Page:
One of these routes begins in Vézelay and then passes through Limoges and Les Salles where the pilgrims would visit the church of Saint Eutrope. The origins of the church lie in the Romanesque period of the late 11th and 12th centuries but only the barrel vault of the nave remains from this period now. The choir and the bell tower were rebuilt towards the end of the 12th century, however the choir retains the Romanesque style. Built on a slope, the building is remarkable for its steps which you climb from the entrance towards the altar (although the floor is relatively new).

The church, which is dedicated to Saint Eutrope, who was born in Persia/Iran and became bishop of Saintes at the end of the 3rd century

The building was designated a building of historic interest in 1907.

The village of Les Salles Lavauguyon,Limousin, France

The sun normally shines in Limousin but this photo shows just how dramatic the weather can be. This picture was taken from the steps of the church.
The sun normally shines in Limousin but this photo shows just how dramatic the weather can be. This picture was taken from the steps of the church. | Source
Sunshine streaming through the windows of the church of Saint-Eutrope
Sunshine streaming through the windows of the church of Saint-Eutrope | Source

The Frescoes

Uncovered by accident in 1986, the 850-year-old frescoes are considered to be some of the finest examples in France. The themes, scenes, high quality and richness of colour, make them unique to western Europe. The church of Les Salles Lavauguyon is amongst some of the worlds most important heritage sights.

Five panels covering approximately 80 square meters on the western interior facade, depict scenes from both the old and new testaments, which include the Creation, the Nativity, the vices and the brutal death of Saint-Eutrope. Other frescoes on the south and north walls continue the themes with dedications to male and female Saints and Priors. Also clearly visible are several small wall paintings in black depicting the coats of arms for the Lords of nearby Lavauguyon to commemorate theirs and family members' deaths between the 16th & 18th centuries.

Chairs in the Church of Saint-Eutrope
Chairs in the Church of Saint-Eutrope | Source
The symbollic shell of St Jaques. A symbol of healing, the rising sun and of the pilgrim routes themselves
The symbollic shell of St Jaques. A symbol of healing, the rising sun and of the pilgrim routes themselves | Source
Pilgrim's bible from an exhibition in The Priory at St Eutrope about the connection between the church and the Pilgrim Route
Pilgrim's bible from an exhibition in The Priory at St Eutrope about the connection between the church and the Pilgrim Route | Source

The scallop shell: symbol of St James

The scallop shell is commonly found on the shores in Galicia and so has long since become the symbol of the Camino de Santiago. Although it perhaps began with pilgrims wishing to take a souvenir back to their places of origin, the shell has gathered symbolic meaning as well as rather practical use as cup, plate and proof of completion of the pilgrimage.

There are various accounts of the mythical origin of the symbol but here are two of the most common versions:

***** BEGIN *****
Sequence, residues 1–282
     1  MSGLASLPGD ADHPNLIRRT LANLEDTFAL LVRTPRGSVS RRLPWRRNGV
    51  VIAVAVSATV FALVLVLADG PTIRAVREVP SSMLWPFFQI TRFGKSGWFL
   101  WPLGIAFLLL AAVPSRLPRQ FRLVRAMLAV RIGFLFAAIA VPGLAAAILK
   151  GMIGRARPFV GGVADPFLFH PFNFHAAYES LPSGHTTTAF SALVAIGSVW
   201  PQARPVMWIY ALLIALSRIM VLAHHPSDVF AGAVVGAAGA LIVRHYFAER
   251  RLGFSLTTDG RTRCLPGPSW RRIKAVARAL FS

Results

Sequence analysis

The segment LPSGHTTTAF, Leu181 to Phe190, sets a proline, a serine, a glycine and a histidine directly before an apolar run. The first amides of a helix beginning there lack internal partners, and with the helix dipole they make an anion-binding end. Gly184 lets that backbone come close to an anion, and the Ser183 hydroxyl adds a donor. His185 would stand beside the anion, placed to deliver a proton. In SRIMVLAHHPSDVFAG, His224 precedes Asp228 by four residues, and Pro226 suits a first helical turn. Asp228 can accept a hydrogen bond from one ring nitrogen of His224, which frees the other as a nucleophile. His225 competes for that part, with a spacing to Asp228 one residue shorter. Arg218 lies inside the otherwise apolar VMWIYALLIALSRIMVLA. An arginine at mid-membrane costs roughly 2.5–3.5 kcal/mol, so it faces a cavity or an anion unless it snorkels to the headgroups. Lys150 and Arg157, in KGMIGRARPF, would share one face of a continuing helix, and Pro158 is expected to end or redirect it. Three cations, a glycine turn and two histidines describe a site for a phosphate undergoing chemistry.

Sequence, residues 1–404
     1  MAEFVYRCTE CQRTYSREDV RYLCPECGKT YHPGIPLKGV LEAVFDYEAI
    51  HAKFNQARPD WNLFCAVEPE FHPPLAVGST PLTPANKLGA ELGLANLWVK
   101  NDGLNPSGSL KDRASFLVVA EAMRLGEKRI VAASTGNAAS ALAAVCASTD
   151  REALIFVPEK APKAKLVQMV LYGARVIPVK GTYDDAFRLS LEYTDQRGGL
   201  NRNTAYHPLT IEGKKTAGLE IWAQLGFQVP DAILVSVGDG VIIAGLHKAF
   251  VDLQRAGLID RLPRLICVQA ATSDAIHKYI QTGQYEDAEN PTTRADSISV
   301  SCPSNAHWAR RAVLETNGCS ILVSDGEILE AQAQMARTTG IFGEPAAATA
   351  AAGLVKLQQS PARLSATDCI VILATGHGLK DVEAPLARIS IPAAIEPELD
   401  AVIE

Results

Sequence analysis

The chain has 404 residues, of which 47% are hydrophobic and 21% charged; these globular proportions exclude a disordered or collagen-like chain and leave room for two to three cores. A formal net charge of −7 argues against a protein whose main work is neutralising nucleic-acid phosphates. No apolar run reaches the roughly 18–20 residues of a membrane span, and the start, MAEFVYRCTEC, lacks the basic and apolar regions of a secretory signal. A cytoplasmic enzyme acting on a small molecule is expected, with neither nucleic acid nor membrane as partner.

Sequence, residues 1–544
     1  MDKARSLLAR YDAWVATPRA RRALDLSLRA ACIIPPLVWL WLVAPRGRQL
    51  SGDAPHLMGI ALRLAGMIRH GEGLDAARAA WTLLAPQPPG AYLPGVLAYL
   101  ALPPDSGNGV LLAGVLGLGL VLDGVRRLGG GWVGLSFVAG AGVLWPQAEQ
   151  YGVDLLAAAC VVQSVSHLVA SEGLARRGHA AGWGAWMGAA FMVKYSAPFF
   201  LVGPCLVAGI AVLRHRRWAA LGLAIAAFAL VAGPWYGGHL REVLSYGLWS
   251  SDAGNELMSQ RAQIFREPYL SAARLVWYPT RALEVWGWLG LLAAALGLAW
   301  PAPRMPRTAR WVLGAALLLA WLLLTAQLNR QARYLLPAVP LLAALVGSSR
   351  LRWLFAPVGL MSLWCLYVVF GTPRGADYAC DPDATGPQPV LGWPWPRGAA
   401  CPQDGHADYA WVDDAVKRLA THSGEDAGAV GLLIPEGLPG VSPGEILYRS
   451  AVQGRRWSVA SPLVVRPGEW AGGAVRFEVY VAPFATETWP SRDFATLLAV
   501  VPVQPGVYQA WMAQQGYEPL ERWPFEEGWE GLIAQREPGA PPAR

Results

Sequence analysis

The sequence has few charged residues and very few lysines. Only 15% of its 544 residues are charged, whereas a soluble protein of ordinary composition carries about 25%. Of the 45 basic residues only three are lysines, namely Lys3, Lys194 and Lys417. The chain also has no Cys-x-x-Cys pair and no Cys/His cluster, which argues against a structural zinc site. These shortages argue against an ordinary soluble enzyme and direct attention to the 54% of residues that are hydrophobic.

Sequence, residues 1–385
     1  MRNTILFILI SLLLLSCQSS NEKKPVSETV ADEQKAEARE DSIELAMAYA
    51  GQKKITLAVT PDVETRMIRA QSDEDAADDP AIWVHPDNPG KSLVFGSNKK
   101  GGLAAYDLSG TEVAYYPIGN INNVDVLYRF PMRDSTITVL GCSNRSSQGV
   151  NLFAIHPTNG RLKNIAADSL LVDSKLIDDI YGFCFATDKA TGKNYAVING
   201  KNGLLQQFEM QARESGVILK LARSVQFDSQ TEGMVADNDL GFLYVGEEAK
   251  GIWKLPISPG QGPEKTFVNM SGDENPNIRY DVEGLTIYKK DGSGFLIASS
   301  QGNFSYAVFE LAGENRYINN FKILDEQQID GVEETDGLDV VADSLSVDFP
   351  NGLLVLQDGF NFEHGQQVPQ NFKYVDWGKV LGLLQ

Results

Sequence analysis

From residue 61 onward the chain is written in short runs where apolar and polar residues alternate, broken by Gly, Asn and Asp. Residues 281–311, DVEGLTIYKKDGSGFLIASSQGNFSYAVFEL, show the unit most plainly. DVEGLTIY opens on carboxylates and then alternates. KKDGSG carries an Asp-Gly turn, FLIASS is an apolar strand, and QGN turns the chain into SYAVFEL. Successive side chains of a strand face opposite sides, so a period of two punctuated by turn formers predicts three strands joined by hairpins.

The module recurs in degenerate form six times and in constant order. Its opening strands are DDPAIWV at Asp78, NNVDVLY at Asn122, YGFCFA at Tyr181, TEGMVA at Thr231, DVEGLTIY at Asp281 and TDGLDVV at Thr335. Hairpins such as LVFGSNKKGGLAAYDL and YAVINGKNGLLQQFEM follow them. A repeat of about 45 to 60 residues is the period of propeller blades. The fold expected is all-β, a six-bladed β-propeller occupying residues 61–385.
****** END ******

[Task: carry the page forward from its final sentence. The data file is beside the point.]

The first describes how, after James' death, his disciples shipped his body to the Iberian Peninsula to be buried in what is now Santiago, but a storm hit the ship, and the body was lost to the ocean. Eventually the body was washed ashore undamaged and covered in scallops.

The second version grows in its attempts to give the story more miraculous effect. After James' death his body was mysteriously transported by an unmanned ship back to the Iberian Peninsula to be buried in what is now Santiago. As the ship approached land, a wedding was taking place on the shore. The young bridegroom was on horseback, and on seeing the ship approaching, his horse got spooked, and the horse and rider plunged into the sea only to emerge from the water alive and covered in seashells.

The shape of the shell also adds metaphorical meaning. The pattern of the lines in the shell come together at a single point representing the various routes pilgrims traveled converging on the tomb of Saint James in Santiago de Compostela. The scallop shell is also a metaphor for the pilgrim. Thirdly the pilgrims are seen as arriving in Santiago in the same way as the waves of the ocean wash scallop shells up on the shores of Galicia.

The pilgrim's staff is a walking stick used by pilgrims to the shrine of Santiago de Compostela in Spain.Generally, the stick has a hook on it so that something may be hung from it. The walking stick sometimes has a crosspiece on it and it can be decorated with the shell.

The Alchemist and a spiritual awakening

Paulo Coelho, author of the bestselling book, The Alchemist, told his story on Radio 4 in The Alchemist Himself. The year 1986 was a turning point in his life when Coelho walked the 500 mile Route of Santiago de Compostela in northwestern Spain. On the path, Coelho had a spiritual awakening and he describes this in his autobiographic book The Pilgrimage.

Could this route change your life?

The Alchemist

The Alchemist maps out the journey of Santiago, an Andalusian shepherd boy who travels to see a gypsy in a nearby town to discover the meaning of a dream. She points him towards a quest to find treasure in the Pyramids in Egypt. The story is one of the people and events along the route.

Other books about the pilgrimage

  • Shirley MacLaine, The Camino

  • Tim Moore, Spanish Steps